MP Naigaga could face NRM sanctions over mobile money vote

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She insisted that her decision was a representation of what the people of Namutumba

Namutumba Woman MP Mariam Naigaga may have voted against the amendment of the mobile money tax bill knowing that she was representing the views of the electorate, but now she may have some more explaining to do to the NRM caucus.

According to the NRM caucus chairperson, Ruth Nankabirwa, Naigaga the caucus treasurer’s actions, contravened party rules and it is unacceptable to vote against the caucus agreed position.

Nankabirwa who described Naigaga’s action as “out of order’ said the Caucus committee will soon meet to decide her fate.

“I was shocked. Actually everybody was shocked by her action. As a member of the caucus executive, she should not have voted otherwise,” she told the media at Hotel Africana on Tuesday.

Rather, Nankabirwa argued that Naigaga should have officially written to the caucus explaining the difficulties involved in siding with the party position and then be advised to vote against the Bill.

 chief whip uth ankabirwa insists that aigaga will have to face the partys disciplinary armNRM chief whip Ruth Nankabirwa insists that Naigaga will have to face the party’s disciplinary arm.

 

“We have rules we follow. Some people are still behaving as if they were still in single party politics. This is why the number of independents is increasing in Parliament. Whoever is defeated in primaries, stands as an independent,” she said.

Nankabirwa insisted that to eliminate the problem of individualism that is slowly crippling the essence of multiparty politics, Naigaga will be summoned to explain her action before the caucus recommends for a disciplinary action.

“We should have summoned her earlier but the members immediately after the Bill went on recess. We shall meet when the members are back and also look at the actions of other members who also voted against party decision,” she emphasised.

Parliament last week amended the Excise Duty Act, 2014 to limit the taxable mobile money transactions to withdrawal and to reduce the duty payable from 1% to 0.5%. Once assented to by President Yoweri Museveni, government will implement 0.5% mobile money charge on all withdrawals, unlike the first unpopular amendment which levied 1% tax on all mobile money transactions.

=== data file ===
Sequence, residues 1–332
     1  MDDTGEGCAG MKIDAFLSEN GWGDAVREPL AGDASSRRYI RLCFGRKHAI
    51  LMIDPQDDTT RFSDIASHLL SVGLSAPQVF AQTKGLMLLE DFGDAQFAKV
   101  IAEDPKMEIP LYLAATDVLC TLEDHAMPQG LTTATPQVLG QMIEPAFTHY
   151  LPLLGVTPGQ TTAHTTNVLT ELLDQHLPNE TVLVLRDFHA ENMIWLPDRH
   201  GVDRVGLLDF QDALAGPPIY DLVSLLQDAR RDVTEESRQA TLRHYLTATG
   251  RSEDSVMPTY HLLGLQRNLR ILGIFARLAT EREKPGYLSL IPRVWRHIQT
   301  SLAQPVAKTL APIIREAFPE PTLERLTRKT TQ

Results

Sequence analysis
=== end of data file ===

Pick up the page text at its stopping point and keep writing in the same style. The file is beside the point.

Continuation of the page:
embers of arliament voted on the amendment to the controversial ill on ctober 2 hoto by aria amalaMembers of Parliament voted on the amendment to the controversial Bill on October 2. Photo by Maria Wamala

 

A total of 164 MPs voted by roll-call and tally to support the tax on mobile money while 124 voted against Clause 2 of the Bill that proposed the levy. They are 463 MPs in Parliament meaning that 175 lawmakers were absent.

A day before the Bill returned to Parliament, Museveni met NRM MPs in a caucus meeting where they agreed on a common position on the mobile money tax.

Naigaga though said she was willing to face the disciplinary committee and give her side of the story, she insisted that her decision was a representation of what the people of Namutumba would have wanted her to do.

She argued that the position of the caucus does not mean the position of the Party.

“The NRM party is more than the caucus in Parliament. The NRM party begins with the people deep in the villages who are affected by these laws. Secondly, in the caucus not everyone is given the opportunity to give their views,” she argued.

She insisted that during the caucus meeting, the technocrats only gave the other side of the tax and not the likely effect on the population.

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